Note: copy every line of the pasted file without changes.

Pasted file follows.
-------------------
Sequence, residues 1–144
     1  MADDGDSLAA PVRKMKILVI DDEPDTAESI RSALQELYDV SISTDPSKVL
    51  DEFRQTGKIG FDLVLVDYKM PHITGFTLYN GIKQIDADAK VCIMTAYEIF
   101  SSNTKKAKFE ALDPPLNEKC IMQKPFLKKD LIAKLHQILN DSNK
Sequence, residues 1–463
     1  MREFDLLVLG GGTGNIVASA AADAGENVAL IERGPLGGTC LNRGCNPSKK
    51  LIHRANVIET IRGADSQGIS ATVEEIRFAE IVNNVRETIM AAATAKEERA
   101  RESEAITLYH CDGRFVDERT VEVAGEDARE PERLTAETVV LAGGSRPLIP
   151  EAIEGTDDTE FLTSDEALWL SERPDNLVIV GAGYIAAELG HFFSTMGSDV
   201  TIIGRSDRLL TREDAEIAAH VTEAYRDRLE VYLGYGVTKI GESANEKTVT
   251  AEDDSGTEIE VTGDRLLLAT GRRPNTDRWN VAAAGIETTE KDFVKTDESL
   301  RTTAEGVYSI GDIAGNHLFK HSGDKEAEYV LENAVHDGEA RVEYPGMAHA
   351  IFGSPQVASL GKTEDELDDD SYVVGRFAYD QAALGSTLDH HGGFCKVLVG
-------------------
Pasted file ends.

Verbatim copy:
Sequence, residues 1–144
     1  MADDGDSLAA PVRKMKILVI DDEPDTAESI RSALQELYDV SISTDPSKVL
    51  DEFRQTGKIG FDLVLVDYKM PHITGFTLYN GIKQIDADAK VCIMTAYEIF
   101  SSNTKKAKFE ALDPPLNEKC IMQKPFLKKD LIAKLHQILN DSNK
Sequence, residues 1–463
     1  MREFDLLVLG GGTGNIVASA AADAGENVAL IERGPLGGTC LNRGCNPSKK
    51  LIHRANVIET IRGADSQGIS ATVEEIRFAE IVNNVRETIM AAATAKEERA
   101  RESEAITLYH CDGRFVDERT VEVAGEDARE PERLTAETVV LAGGSRPLIP
   151  EAIEGTDDTE FLTSDEALWL SERPDNLVIV GAGYIAAELG HFFSTMGSDV
   201  TIIGRSDRLL TREDAEIAAH VTEAYRDRLE VYLGYGVTKI GESANEKTVT
   251  AEDDSGTEIE VTGDRLLLAT GRRPNTDRWN VAAAGIETTE KDFVKTDESL
   301  RTTAEGVYSI GDIAGNHLFK HSGDKEAEYV LENAVHDGEA RVEYPGMAHA
   351  IFGSPQVASL GKTEDELDDD SYVVGRFAYD QAALGSTLDH HGGFCKVLVG